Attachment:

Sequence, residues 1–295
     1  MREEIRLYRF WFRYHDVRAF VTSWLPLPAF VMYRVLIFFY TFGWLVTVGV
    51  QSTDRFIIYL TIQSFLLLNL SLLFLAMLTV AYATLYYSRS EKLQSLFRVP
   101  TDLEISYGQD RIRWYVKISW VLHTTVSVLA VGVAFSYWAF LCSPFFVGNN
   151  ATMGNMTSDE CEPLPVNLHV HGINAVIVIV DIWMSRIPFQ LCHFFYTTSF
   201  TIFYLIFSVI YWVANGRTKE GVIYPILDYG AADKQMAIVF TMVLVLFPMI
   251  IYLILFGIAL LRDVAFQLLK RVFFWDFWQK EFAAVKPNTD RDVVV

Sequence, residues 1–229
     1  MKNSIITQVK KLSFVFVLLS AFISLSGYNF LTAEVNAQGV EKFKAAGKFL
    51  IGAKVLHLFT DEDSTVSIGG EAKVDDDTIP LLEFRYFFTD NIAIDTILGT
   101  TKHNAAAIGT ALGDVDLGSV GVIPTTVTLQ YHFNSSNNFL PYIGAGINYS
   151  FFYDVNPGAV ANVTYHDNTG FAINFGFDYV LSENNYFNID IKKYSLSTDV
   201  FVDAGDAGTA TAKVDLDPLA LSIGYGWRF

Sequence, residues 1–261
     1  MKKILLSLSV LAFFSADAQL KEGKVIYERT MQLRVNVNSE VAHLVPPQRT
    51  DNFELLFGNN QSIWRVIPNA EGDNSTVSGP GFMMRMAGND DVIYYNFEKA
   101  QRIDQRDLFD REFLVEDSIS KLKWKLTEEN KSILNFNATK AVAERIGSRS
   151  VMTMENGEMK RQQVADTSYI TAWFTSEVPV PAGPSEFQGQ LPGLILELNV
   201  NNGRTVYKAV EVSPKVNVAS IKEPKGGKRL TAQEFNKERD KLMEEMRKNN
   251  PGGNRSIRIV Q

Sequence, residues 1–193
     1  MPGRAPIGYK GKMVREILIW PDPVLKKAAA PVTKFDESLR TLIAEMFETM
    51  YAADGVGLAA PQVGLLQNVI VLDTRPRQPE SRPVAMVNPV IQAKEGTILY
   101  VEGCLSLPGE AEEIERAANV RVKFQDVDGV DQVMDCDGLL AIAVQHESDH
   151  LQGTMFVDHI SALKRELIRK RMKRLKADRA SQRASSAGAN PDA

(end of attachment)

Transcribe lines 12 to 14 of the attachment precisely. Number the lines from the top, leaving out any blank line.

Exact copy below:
   151  FFYDVNPGAV ANVTYHDNTG FAINFGFDYV LSENNYFNID IKKYSLSTDV
   201  FVDAGDAGTA TAKVDLDPLA LSIGYGWRF

Sequence, residues 1–261